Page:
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Wednesday, October 29, 2008

Busy, Busy Fall

Tonight, of course, is the fundraising virtual booksigning for the Mid-Atlantic Great Dane Rescue Group. I've been told books are selling briskly. To be involved, drop by my chatroom. Just go to my website, and click the chatroom button in the lower right hand corner. I hope to have some of my author friends show up as guests. The chat begins at 6:30 p.m. CST

Boy, did I ever have fun last night.

I was part of the Fiskateers Chat, hosted by the remarkable Angela, who whipped folks into a true Fiska-Frenzy for Fiska-Fall doings. The conversation was fast-Fiska-paced, and my little fingers Fiska-flew over the keyboard trying to keep up. Check out Angela's stellar wrap-up at

I offered them the same thing I offer all of you--if you wish to use Paper, Scissors, Death as a bookclub selection, let me know. I'll come "visit" virtually or in person if possible. I'll send you signed bookplates to be adhered in your copies of PSD, so your book is personalized. I'll also send along bookmarks. I might ask for SASEs--which are Self-Addressed, Stamped Envelopes, so I don't go broke paying for postage!

Meanwhile, I'm prepping to go to Manhattan, Kansas, with a stop tomorrow night at St. Joseph, MO, where I'll teach making a "slam" album at the St. Joseph Library. I'll visit scrapbook stores in Columbia, MO, along the way. In Manhattan, on Saturday, around 9 a.m., I'll be giving a presentation at a coffee shop on scrapbooking and journaling and including your religion in your album. Then at 11 a.m., I'll go to the Ben Franklin store in Manhattan KS and teach slam books again until 1 p.m. From 5 to 5:45 p.m., I'm part of a discussion about pets in books--and author Marion Hill and I will give away a basket of pet items, plus her cookies.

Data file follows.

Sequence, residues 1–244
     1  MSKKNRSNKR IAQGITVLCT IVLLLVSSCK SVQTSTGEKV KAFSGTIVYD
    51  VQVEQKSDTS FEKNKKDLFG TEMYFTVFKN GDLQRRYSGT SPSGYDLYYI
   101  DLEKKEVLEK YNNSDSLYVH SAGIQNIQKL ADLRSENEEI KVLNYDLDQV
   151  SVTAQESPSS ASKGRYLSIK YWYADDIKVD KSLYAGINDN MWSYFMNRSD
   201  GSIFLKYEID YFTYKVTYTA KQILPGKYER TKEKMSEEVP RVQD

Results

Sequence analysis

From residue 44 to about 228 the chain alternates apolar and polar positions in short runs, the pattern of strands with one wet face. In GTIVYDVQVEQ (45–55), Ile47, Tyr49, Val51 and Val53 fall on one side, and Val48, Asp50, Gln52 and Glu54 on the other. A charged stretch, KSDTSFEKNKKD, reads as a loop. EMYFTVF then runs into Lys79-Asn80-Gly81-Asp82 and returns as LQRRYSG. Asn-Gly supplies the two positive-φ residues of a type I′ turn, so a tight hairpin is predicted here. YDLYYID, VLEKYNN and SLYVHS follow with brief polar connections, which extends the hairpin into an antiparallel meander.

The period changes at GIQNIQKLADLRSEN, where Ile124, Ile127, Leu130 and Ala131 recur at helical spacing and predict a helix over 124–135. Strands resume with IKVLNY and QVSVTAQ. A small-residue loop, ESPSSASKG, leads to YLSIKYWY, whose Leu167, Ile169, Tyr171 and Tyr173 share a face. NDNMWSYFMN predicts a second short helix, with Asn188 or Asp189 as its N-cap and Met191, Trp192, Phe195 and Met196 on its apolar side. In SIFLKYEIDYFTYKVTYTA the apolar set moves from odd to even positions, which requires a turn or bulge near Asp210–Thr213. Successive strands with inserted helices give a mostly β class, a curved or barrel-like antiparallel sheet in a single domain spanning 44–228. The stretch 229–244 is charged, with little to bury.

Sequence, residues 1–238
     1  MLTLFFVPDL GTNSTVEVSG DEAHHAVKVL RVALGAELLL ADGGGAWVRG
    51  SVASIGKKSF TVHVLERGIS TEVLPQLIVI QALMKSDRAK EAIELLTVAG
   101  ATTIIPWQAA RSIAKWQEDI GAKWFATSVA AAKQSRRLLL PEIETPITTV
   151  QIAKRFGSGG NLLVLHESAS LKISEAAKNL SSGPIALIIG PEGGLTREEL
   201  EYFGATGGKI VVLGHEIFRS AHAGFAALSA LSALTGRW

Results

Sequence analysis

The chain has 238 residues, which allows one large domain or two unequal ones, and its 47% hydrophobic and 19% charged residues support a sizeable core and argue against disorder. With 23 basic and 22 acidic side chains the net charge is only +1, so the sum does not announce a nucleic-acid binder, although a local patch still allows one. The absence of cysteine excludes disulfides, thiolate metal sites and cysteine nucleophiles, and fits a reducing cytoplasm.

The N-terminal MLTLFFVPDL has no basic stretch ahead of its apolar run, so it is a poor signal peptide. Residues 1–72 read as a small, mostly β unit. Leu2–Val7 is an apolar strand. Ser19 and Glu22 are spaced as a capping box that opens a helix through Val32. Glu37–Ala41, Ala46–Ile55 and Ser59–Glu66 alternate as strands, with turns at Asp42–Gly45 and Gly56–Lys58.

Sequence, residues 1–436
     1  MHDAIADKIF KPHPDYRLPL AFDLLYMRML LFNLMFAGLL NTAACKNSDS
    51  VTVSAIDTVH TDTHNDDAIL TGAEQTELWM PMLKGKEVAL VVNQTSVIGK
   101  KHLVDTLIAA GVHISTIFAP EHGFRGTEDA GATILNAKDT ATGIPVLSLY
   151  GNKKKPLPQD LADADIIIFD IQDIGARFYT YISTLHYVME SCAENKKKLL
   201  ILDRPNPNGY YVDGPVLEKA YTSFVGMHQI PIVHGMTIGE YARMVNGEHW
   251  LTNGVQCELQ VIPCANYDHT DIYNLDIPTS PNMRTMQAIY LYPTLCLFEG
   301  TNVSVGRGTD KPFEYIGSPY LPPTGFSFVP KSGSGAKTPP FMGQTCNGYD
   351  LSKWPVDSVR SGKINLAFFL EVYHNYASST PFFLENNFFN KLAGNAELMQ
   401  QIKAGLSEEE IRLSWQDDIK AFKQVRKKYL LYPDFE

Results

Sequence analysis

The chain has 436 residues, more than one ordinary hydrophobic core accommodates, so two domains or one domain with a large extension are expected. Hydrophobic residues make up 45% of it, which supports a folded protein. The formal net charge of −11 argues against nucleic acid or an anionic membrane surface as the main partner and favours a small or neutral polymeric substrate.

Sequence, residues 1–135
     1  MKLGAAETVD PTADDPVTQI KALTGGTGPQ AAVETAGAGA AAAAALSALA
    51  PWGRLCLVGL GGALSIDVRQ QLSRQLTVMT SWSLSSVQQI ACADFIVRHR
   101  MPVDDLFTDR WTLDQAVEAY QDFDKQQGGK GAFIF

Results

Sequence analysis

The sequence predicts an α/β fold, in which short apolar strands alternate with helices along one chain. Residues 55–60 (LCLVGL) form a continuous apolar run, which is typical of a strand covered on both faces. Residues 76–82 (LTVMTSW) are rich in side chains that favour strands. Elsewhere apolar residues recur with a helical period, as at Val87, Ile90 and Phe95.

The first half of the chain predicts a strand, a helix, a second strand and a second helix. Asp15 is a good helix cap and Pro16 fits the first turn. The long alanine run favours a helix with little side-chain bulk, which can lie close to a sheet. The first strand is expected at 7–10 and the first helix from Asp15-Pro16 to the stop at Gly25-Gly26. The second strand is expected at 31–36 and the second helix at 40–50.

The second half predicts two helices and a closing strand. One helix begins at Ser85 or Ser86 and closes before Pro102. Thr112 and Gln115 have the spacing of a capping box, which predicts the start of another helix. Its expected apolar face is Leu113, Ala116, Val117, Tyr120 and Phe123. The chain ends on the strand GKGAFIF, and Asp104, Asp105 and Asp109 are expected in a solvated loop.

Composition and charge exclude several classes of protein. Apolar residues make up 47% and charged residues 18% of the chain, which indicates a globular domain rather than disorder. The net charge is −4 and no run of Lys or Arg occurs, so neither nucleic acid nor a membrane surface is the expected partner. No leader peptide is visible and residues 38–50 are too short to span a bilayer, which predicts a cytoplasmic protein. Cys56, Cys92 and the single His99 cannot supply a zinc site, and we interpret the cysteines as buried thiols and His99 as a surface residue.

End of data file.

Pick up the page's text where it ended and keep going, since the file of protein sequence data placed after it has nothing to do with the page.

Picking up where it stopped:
I plan to set aside time to chat with my mentor and friend, Nancy Pickard. Her CASTS system for writing has dramatically improved my work.

And I'm on page 164 of 274 pages of Book #3. Whew. Keeping everything straight is a challenge.

Meanwhile, I offered the attached image to Camille Minichino (Margaret Grace) for our Killer Hobbies newsletter. Isn't it cute?

Monday, October 27, 2008

JUST for ME Contest Winners, and a Review of the Past Wild Week!

JUST FOR ME Contest Winners

As I promised, here are the names of the Just for Me Contest Winners:

Christy K. from Louisville KY


Lynn H. from Lawrenceville GA

I'll be contacting them via email and sending out their gifts.

Meanwhile, keep checking this blog and reading it carefully as I think I will mention other ezine readers' names--and if YOU respond, I'll send YOU some sort of fun gift! My gift cupboard is overflowing. I love picking up trinkets as I travel.


Wow. Another whirlwind week. Just returned home late last night from Magna cum Murder, the fantastic conference held at Ball State University (my alma mater) in Muncie, Indiana. Here's a photo of me and my pal Monica Ferris. Isn't her hat to die for? (That's sort of a joke. Her new upcoming book is called Thai Die!) Do you love hats? I sure do.

Be the first to comment on the photo of Monica and me, and I'll send you a Ball State University coffee mug!

By the way, I also connected with Louise Penny. She's a wonderful, soulful woman. I'll try to get her to guest post here.

TEACHER, TEACHER--"Getting Published"

Last Tuesday I filled in as an instructor for a Lewis & Clark Community College Class called "Getting Published". Since it has been a while since I taught a class, and that one I fell into at the last minute, I was a bit nervous about the evaluations. I opened my email today to read these: